Our study supports findings from previous reports. Donors tend to be motivated due to altruism, humanitarian reasons, peer pressure, and curiosity, whereas nondonors cite the following reasons for not donating: Medical problems, fear of needles, general apprehension, and fear of after effects.  In addition, according to statistics, 90% of nondonors do not know the location of blood banks and more than 70% do not donate blood simply because no one has ever asked them.  In harmony with previous reports, altruism, humanitarian, and convenience are needed as the most important reasons for donating. In our study, 56.1% of the donors had donated more than twice. This study showed that voluntary blood donors give blood because they "want to help others." This indicates that the commitment to donate blood to save an ill person is higher among our Vellore donors' population.  Satisfaction from blood donation would seem to come from an "inner joy" from contributing to someone's health, or saving another person's life.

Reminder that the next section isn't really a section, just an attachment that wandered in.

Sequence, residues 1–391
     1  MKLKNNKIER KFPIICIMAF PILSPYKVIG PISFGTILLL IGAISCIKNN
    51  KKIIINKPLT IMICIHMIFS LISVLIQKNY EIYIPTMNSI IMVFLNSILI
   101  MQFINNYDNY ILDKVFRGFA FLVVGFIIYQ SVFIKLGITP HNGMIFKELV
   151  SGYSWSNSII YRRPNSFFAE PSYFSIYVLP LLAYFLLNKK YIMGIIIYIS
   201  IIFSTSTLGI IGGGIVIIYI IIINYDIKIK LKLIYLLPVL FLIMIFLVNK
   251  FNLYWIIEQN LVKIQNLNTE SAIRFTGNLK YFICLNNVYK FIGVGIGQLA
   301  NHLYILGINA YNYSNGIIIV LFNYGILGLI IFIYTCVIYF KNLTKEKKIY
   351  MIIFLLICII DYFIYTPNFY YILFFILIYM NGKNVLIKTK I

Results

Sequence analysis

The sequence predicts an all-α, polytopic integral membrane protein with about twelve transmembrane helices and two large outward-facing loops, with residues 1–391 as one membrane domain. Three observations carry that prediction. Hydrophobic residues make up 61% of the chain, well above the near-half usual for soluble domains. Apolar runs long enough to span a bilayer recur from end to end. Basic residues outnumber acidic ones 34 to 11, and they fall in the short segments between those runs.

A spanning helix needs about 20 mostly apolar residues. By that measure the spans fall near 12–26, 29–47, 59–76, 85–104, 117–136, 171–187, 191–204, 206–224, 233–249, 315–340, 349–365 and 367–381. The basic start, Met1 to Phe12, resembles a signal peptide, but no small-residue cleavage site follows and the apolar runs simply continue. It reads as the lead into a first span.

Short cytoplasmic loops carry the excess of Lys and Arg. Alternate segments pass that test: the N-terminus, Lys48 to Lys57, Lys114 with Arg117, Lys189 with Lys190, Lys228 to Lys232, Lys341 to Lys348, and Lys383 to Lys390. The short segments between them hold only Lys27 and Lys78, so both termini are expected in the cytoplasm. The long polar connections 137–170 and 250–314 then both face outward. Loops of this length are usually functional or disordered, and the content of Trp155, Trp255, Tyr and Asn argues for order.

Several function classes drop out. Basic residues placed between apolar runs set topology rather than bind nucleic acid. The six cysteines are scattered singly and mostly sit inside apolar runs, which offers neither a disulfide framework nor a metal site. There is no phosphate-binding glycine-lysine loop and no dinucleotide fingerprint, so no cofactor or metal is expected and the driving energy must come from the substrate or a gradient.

We need to develop a measurement tool to help understand our success or otherwise in driving voluntary blood donation. This could provide us with a better outcome for evaluating the motivational practice of blood donors.
Our study results suggest various promotional messages can be used for different groups. It is important to remind the blood donors to maintain a certain behavior to donate blood through promotional messages. The donor and nondonor groups did not differ about which were the compelling messages. Messages about blood donation need to be focused on clear, captivating, interesting, and above all feature appropriate content. The message should be presented in the local language, so that the information reaches the right people in the most effective way.
Blood banks, however, should continue to improve waiting times and donor care. Asking for donors' opinions, comments and suggestions is a dimension of customer service that helps to enhance regular blood donations. A key factor in meeting the needs of the donor is ensuring that the time and venue of blood donation camps should be convenient to the majority of existing potential blood donors.